Related Articles

Into The Bumps: Eneco 2010 Stage 3

Into The Bumps. Stage 3 saw the profile go from pancake flat to very lumpy. It was bound to be a day where things were shaken up somewhat on the over all standings, but Canadian hardman/topbloke Svein Tuft is a quality athlete, so we were quite excited about still being in the mix.

Double Challenge: TdF 2010 Stage 8 (mountaintop)

Double Challenge. Mountain stages in bike races are inevitably decisive in sorting where riders finish in the race overall. They pose a number of challenges to a team atop the obvious physical barrier of the terrain itself.

The Giro d’Italia 2010: Good Times Bad Times

Good Times Bad Times - CIAO! The Giro d’Italia version 2010 has begun. We started racing up in Amsterdam (which, while not technically* part of Italy, was a cool place to start racing from) with a time trial, followed by two road stages. The start of a Grand Tour is always cool — the whole team starts to find extra gears, and the organisation is singing by start time.

San Sebastian From The Outside

A week after the Tour, and Mands and I got ourselves over to San Sebastian for a bit of vacation relaxery after the saga that is the nose to the grindstone month of the Tour.

The Two Day Theory: TdF 2010 Stage 4 (bunchie)

Two Day Theory. It is a very fortunate thing that the situation that Garmin-Transitions is in during this Tour is a first time for all of us involved. The fortune I speak of is partly that we've never had to deal with nigh on half of our team all being pretty badly wounded on the one descent, and partly that the fretting resulting from this would leave us, the staff, nervous wrecks. I have made up a totally anecdotal "two day" theory regarding peoples' responses to injury and trauma. It's completely without scientific evidence or backing, but does explain a pattern of behaviour that I have regularly seen over the years.

Solid Kick-off

Solid Kick-off. Finally we’re underway! And what a start it’s been. Time trial days are always long periods of surprising quietness (and the quiet is always a surprise) punctuated by flurries of furious activity. As team mechanic-cum-philosopher Kris Withington (NZ’s finest mechanic) says, “it’s either full gas work or full gas wait.”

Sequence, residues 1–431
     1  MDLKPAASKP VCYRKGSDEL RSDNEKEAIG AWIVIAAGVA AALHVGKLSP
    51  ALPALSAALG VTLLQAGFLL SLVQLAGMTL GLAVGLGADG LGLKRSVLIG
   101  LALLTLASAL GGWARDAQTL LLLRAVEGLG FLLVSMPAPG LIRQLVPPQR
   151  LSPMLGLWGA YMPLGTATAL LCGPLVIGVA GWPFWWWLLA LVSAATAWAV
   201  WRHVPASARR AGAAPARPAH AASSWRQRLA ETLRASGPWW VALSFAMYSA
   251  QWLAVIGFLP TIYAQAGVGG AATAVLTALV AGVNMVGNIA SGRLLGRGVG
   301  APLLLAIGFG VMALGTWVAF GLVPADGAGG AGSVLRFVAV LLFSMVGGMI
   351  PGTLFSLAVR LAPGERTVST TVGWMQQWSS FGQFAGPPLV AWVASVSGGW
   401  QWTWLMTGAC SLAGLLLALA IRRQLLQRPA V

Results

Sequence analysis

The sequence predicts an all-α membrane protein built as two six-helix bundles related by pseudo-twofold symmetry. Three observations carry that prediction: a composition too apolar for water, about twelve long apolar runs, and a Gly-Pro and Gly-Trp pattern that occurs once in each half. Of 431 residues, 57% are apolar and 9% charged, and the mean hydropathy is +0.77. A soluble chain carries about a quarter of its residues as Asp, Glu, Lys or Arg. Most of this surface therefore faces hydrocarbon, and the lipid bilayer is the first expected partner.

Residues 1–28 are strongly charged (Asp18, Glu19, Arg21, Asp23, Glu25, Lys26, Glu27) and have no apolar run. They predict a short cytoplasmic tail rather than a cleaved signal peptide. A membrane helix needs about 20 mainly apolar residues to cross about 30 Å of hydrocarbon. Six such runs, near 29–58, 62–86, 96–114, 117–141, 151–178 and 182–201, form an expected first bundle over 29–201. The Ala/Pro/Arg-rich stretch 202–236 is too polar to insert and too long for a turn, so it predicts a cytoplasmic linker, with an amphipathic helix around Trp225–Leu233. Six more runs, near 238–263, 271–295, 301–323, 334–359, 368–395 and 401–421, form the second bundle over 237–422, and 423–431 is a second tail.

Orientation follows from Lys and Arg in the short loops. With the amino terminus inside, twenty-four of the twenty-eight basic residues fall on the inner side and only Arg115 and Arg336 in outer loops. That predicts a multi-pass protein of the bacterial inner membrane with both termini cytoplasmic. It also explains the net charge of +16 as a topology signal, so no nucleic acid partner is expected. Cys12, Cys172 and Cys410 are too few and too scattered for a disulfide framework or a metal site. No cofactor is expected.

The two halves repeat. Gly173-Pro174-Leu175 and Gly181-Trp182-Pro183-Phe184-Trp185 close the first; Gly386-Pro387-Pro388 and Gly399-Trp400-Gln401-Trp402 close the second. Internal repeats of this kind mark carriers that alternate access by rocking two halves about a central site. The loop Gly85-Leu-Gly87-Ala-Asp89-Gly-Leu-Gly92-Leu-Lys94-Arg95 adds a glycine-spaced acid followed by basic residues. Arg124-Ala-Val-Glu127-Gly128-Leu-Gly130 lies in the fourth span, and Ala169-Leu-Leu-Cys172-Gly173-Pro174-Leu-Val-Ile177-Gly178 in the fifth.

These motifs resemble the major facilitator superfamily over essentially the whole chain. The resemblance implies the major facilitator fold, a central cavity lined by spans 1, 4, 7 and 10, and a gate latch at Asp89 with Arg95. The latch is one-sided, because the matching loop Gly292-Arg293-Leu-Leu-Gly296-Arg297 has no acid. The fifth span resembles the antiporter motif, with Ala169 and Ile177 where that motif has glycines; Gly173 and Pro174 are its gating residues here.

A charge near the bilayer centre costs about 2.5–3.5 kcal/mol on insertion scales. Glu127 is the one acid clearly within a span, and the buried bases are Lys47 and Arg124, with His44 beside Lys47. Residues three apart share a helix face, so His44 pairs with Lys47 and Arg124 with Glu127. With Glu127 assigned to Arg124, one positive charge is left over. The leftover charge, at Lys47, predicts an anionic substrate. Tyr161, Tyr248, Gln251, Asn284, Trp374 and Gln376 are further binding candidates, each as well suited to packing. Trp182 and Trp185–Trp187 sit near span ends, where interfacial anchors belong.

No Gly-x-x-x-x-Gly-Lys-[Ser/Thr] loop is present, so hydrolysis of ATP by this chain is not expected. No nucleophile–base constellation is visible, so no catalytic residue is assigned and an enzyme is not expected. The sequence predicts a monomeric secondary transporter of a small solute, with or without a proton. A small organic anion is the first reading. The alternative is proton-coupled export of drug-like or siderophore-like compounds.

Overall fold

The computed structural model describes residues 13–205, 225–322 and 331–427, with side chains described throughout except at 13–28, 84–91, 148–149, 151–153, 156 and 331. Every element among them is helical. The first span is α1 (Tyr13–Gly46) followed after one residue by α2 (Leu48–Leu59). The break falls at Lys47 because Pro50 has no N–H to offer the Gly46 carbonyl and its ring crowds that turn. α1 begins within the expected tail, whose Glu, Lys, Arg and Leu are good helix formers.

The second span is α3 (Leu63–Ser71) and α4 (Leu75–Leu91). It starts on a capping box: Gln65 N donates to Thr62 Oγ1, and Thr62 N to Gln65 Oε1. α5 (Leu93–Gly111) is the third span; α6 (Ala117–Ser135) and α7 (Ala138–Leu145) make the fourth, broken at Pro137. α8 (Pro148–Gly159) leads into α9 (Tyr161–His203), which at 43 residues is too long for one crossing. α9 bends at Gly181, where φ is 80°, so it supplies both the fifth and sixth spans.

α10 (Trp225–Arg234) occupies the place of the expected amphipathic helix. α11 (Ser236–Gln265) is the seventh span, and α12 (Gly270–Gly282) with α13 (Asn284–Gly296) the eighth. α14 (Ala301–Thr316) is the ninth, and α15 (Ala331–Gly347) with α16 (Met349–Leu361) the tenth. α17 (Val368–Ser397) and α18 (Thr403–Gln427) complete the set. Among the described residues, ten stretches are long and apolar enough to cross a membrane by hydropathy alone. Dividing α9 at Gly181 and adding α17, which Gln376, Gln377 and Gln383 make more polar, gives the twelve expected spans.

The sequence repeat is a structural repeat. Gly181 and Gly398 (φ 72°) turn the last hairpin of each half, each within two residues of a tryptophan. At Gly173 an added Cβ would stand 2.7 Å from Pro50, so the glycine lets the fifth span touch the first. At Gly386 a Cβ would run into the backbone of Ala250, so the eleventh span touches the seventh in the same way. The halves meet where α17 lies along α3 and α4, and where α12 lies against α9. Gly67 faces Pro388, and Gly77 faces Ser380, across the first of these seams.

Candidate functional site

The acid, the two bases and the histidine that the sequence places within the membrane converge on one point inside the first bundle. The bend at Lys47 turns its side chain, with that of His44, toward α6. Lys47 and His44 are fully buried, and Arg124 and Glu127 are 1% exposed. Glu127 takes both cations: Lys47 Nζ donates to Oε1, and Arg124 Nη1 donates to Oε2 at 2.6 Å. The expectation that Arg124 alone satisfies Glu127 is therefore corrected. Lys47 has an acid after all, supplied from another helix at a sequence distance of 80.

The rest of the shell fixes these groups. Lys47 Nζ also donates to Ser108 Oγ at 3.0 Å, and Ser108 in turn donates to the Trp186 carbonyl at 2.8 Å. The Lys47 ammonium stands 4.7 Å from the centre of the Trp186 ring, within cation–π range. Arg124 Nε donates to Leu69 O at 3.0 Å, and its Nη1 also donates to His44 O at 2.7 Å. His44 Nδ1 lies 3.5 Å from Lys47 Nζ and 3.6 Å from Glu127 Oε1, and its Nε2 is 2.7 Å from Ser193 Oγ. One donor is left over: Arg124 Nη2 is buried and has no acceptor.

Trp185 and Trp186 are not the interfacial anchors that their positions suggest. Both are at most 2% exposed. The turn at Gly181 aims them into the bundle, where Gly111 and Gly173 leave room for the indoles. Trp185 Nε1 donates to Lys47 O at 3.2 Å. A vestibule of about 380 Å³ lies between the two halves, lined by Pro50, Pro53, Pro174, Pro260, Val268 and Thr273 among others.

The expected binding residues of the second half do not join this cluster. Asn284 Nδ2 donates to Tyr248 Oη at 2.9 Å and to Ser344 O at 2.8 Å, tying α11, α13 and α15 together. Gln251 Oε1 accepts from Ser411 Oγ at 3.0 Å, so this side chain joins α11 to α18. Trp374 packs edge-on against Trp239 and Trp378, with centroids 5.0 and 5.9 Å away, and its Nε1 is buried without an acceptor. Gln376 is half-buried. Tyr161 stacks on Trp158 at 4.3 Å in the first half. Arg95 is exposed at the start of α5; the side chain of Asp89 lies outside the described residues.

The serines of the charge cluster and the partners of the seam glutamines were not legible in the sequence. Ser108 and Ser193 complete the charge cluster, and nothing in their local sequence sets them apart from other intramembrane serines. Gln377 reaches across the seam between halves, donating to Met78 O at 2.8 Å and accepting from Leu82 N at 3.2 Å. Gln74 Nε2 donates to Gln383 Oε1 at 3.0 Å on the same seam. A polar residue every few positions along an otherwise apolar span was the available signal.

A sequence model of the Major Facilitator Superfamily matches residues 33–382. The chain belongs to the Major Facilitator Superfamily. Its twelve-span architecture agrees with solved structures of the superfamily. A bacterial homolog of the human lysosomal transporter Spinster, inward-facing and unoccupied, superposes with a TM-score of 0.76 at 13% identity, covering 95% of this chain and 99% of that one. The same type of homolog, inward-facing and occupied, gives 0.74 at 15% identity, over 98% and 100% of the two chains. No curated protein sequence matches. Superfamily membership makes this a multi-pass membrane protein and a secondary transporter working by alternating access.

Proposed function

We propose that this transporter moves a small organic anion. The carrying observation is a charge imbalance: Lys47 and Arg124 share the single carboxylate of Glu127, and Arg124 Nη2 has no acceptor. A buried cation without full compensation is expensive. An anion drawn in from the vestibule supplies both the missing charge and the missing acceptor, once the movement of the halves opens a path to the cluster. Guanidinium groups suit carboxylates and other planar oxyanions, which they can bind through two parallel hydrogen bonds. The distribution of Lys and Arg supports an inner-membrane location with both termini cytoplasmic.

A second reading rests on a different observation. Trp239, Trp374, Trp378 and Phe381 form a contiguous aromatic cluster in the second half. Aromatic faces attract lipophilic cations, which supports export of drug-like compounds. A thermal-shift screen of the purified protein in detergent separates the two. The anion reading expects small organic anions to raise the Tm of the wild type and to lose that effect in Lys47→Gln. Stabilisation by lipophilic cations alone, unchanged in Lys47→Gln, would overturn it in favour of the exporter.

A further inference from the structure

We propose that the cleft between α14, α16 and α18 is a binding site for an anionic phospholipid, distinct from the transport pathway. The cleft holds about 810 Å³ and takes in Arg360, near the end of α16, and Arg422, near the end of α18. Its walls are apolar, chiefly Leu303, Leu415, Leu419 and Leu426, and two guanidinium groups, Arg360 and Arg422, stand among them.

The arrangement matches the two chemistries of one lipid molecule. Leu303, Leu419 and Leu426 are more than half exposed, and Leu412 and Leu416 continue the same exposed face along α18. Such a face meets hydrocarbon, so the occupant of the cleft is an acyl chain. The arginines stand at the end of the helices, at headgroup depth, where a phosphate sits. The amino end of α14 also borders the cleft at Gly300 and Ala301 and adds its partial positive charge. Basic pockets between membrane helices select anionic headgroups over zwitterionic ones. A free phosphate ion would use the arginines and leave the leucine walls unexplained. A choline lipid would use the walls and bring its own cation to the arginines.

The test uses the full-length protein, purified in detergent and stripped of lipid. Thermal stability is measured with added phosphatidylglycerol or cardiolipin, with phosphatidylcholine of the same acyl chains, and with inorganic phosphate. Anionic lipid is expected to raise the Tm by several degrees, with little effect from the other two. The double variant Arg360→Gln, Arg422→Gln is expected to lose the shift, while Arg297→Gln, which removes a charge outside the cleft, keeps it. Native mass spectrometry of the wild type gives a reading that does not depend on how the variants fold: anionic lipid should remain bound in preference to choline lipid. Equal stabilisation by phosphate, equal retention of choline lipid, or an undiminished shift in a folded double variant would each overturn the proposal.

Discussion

At Random

Aldo Sassi – Our 2009 Interview with the Late, Great Coach

In these times devoid of racing it’s that much harder to produce content so we look back at work we’ve done in the past for inspiration. A decade ago I was fortunate to get an introduction from professional - and now DS with EF – Charly Wegelius, to the late, great, Aldo Sassi one of the most respected coaches of his generation.

John Lelangue joins the BMC Racing Team USA as Directeur Sportif Belgian

John Lelangue officially announced today from the Tour of Missouri that he will join the BMC Racing Team in 2008 as Directeur Sportif. The BMC program is currently applying for Professional Continental team registration with the UCI, and will be seeking invitations to numerous prominent events in Europe and America during the 2008 season.

Dan Patten Blog: The Run-In is Approaching…

Well we've hit September and so the final month or so of the season for the Dan Patten Blog. The good news is I'm still feeling motivated to race and race hard to finish off the year. The bad news is the last few weeks I've been caught out with a bit of illness that seems to be going round these parts at the moment, and which has proved hard to shake off.

Silvan Dillier – Stepping up to the World Tour with BMC

We last spoke to up and coming 23 year-old Swiss star, Silvan Dillier back in the spring after his win in the Tour of Normandie; since then he’s been a busy man. There was stage win in the hotly contested Triptyque Ardennaise in Belgium, a win in Cham-Hagendorn in Switzerland and stage in the Fleche Ardennaise in Belgium. Then came a ride as a stagiaire with the BMC World Tour team – and an excellent win in Stage Two of the Tour of Alberta.

Rotterdam Six Day 2012 – Day Three

The 'Devil' had just started in Day three of the Rotterdam Six Day 2012 when I wandered down the stairs in search of bottles of water (still - no gas), and by the time I got back what should have been ‘just another race’ had become another of those episodes which remind you that as well as being glamorous, the sport is also a very dangerous one.

Living at Mrs Deene’s Cyclists’ B&B – Part Two; ‘Racing and Eating!’

At the time I set off for Flanders in 1973 to live at Mrs Deene's, I only knew two people who had raced there – one of them being Stan Butler’s son Keith - who had done well enough that he had become a professional - so it was entirely word-of-mouth, a case of asking for whatever advice people could offer and setting off on the cross-channel ferry, hoping for the best.